Learning how to cut a pomegranate is a skill you won't regret learning! It's really easy once you learn how to do it, and all the wonderful benefits of pomegranate await. 😉
I LOVE opening a pomegranate up at home. It's super fun and the fresh pomegranate seeds (more appropriately called "arils") are so good and fresh when you take the extra few minutes to do it yourself. (Oh, and it's also a lot cheaper than buying store-bought packaged arils!) Pomegranates arils are delicious and so festive to dress up any holiday dish, even a simple salad of greens with apple cider vinaigrette.
And if you love pomegranate juice as well, I've also included two methods to juice the arils below. Again, nothing beats fresh. 🙂
What do pomegranates taste like, you might be wondering? The arils containing fresh juice are both a little sweet and a little sour at the same time, almost like a mix between cherries and grapes, but with a more delicate and unique flavor. And the seeds inside the arils give this fruit a nice healthy crunch.
Benefits of pomegranate
Wondering what some of the health benefits of pomegranates and pomegranate juice are? There are so many! Not only is this fruit incredibly high in antioxidants which fight inflammation in the body, pomegranates have also been shown to reduce high blood pressure, cholesterol, and even help fight cancer (source). So in answer to the question are pomegranates good for you, the answer is a resounding yes. They truly are a superfood.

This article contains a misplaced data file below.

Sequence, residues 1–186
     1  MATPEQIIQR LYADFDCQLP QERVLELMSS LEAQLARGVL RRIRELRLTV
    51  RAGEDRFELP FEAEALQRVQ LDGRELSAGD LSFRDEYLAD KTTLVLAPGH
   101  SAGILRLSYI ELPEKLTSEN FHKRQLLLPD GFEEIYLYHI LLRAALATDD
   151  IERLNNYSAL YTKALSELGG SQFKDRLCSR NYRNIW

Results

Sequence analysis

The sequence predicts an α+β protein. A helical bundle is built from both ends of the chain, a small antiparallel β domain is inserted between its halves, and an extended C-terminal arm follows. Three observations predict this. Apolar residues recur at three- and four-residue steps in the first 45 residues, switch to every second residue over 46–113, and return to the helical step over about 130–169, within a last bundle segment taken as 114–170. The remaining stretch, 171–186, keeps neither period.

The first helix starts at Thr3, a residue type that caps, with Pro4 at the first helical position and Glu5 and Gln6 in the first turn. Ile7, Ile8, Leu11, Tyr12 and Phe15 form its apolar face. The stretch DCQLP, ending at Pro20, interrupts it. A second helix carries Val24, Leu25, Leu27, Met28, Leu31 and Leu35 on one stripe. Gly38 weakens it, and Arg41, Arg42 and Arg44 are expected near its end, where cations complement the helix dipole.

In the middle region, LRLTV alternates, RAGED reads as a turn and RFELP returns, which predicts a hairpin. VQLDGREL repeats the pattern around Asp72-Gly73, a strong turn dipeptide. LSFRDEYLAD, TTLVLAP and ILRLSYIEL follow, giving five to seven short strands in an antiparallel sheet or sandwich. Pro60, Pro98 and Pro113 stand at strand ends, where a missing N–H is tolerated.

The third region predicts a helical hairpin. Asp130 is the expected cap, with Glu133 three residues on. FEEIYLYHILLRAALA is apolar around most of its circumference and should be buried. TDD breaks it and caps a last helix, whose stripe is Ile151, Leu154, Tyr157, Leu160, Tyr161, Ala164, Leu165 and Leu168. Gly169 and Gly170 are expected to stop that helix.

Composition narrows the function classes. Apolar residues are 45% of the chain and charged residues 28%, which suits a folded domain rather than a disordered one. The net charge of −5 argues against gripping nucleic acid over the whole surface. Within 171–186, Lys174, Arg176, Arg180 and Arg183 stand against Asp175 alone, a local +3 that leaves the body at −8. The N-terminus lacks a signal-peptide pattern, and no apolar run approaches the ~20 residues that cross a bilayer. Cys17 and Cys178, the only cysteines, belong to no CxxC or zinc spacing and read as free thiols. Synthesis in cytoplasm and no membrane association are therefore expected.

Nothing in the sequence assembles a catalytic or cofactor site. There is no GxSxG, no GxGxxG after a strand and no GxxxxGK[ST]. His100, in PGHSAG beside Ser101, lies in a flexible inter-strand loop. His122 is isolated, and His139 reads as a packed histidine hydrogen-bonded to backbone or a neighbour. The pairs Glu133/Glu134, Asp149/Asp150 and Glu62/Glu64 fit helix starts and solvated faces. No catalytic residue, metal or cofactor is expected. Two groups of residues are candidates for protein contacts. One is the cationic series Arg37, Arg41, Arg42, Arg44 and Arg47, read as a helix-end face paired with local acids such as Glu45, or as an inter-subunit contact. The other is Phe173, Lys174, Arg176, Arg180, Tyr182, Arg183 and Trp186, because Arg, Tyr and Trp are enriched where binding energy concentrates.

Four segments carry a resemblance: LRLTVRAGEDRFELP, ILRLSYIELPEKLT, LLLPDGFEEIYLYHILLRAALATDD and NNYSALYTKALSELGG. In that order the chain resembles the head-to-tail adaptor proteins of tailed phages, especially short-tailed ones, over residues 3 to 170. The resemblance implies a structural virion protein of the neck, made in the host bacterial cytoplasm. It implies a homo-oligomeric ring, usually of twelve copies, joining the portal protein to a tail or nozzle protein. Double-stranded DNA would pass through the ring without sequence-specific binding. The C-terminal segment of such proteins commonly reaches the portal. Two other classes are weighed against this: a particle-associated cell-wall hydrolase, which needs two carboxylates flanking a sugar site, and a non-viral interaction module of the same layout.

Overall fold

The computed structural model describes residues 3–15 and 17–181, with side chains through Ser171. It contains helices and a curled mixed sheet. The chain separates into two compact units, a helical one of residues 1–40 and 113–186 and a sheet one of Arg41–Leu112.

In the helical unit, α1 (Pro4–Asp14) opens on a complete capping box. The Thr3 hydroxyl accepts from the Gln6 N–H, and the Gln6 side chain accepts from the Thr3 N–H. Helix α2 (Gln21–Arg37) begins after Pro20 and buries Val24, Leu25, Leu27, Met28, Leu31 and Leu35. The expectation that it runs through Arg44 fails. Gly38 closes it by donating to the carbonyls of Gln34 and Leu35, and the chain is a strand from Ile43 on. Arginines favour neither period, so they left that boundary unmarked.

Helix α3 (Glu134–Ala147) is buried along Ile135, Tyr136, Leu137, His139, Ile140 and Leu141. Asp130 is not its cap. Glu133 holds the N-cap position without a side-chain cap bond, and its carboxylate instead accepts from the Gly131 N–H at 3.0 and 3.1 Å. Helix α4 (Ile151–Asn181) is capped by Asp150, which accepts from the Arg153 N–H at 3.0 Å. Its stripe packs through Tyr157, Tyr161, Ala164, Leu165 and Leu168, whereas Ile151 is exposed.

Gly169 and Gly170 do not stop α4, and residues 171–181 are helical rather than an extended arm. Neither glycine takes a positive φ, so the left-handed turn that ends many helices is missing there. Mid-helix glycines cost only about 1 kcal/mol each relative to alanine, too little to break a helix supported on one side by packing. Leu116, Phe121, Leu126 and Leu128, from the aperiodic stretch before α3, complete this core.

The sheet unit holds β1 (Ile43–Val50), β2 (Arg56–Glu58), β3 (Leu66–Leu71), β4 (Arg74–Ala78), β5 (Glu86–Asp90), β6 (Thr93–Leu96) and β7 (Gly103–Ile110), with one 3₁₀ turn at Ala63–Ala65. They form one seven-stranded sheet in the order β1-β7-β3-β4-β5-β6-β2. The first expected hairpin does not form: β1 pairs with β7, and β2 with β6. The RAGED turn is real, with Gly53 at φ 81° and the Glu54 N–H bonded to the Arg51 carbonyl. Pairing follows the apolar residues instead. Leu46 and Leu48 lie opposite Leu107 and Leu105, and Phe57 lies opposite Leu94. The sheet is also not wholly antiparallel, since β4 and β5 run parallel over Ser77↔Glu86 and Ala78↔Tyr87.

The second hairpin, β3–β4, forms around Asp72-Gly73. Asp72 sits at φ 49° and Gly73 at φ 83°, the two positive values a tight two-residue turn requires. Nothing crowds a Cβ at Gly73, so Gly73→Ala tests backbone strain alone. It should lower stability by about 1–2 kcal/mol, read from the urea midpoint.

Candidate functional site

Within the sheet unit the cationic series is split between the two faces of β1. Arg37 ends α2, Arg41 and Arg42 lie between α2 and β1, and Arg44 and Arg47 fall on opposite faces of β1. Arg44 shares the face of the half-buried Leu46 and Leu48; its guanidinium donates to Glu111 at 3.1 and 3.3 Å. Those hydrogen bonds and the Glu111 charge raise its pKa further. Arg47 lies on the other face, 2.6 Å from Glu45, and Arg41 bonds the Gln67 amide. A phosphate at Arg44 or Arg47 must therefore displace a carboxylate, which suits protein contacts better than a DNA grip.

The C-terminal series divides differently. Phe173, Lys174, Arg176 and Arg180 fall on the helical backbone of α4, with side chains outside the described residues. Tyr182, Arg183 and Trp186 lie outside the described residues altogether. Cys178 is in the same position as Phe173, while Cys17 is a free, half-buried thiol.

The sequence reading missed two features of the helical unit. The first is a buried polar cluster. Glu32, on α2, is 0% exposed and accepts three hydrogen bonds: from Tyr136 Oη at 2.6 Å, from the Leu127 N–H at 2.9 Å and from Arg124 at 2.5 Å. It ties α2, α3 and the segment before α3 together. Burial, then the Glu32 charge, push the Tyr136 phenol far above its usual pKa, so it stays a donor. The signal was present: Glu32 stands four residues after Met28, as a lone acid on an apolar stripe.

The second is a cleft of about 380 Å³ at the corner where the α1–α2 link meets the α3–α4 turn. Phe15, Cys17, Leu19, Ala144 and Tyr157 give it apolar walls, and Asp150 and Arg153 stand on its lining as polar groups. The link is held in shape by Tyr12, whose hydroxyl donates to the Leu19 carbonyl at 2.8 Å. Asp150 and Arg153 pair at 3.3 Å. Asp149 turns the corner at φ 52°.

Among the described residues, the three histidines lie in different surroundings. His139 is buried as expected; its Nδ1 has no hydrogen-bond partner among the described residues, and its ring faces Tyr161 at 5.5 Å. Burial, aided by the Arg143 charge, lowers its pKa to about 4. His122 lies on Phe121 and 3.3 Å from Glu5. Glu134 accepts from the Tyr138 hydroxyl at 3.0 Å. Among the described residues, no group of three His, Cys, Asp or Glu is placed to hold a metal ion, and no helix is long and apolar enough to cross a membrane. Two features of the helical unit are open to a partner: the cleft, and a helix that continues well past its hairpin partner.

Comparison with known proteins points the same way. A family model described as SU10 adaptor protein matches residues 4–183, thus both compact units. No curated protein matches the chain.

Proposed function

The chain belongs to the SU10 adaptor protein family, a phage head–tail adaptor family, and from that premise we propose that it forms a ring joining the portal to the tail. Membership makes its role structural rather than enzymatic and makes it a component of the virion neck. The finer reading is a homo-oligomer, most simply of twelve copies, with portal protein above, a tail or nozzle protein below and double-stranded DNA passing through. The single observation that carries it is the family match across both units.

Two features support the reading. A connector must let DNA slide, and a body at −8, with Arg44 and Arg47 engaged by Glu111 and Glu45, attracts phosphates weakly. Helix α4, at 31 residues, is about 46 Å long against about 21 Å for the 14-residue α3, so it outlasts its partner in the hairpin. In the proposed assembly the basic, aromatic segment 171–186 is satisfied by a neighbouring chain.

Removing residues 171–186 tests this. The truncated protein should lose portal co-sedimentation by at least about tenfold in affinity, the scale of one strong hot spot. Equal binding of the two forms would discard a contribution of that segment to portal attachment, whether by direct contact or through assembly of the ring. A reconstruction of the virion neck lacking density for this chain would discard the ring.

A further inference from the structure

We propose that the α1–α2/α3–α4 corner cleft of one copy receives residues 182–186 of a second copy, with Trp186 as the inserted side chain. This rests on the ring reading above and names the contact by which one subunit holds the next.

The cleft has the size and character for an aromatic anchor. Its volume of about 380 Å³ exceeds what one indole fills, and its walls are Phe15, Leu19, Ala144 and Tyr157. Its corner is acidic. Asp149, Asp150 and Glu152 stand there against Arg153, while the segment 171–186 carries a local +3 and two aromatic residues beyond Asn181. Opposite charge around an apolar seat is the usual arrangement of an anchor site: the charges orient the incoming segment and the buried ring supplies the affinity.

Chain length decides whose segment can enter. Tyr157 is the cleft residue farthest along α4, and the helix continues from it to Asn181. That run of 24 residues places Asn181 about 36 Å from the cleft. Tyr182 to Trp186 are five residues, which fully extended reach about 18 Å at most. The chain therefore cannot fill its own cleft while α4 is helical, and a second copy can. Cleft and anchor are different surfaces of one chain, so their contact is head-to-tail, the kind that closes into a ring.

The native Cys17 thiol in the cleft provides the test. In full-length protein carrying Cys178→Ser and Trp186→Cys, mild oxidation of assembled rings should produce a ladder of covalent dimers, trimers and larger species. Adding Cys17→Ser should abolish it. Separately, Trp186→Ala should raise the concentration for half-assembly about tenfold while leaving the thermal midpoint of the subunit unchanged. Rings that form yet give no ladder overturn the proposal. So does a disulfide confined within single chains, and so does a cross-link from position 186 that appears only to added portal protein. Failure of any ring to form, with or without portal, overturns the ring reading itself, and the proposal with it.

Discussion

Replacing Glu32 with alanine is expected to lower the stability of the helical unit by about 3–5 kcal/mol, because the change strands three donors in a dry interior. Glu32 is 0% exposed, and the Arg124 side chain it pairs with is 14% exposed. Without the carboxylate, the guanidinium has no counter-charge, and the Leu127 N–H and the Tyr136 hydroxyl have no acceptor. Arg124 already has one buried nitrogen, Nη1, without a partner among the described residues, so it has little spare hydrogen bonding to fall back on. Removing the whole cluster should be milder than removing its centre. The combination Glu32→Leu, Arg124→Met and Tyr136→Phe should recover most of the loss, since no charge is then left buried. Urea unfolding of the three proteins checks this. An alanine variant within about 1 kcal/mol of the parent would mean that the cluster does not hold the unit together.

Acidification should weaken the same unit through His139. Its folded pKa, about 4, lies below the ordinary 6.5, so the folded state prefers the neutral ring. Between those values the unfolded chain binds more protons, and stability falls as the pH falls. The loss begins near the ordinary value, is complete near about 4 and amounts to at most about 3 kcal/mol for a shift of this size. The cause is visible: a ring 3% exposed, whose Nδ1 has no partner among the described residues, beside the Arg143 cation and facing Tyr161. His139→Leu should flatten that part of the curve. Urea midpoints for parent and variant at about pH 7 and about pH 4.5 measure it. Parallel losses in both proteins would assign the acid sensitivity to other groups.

The only ingredient you'll need is a pomegranate! If you plan on making juice, I'd plan on using at least 6 pomegranates for juicing which will yield about 4 cups of juice.
See recipe card below for exact quantities.
When are pomegranates in season? The typical growing season for pomegranate trees is from about September/October to November or December. This is why you'll find pomegranates featured in so many tasty holiday recipes during the fall and early winter seasons.
How to tell if a pomegranate is ripe or not? You'll want to inspect the visual appearance of the fruit before you buy: the more vibrant color the better, with skin that isn't tough and leathery. Also, you'll know if a pomegranate is juicy and ripe by its weight: the heavier the better! 🙂
To get started, wash your pomegranate well, and dry it off.
Then, use a small chef's knife or paring knife to core a shallow circular section off the top of the pomegranate and remove it.
Next, carefully make six shallow slices down the pomegranate from top to bottom. You only want to go skin deep here so as not to cut through the arils themselves.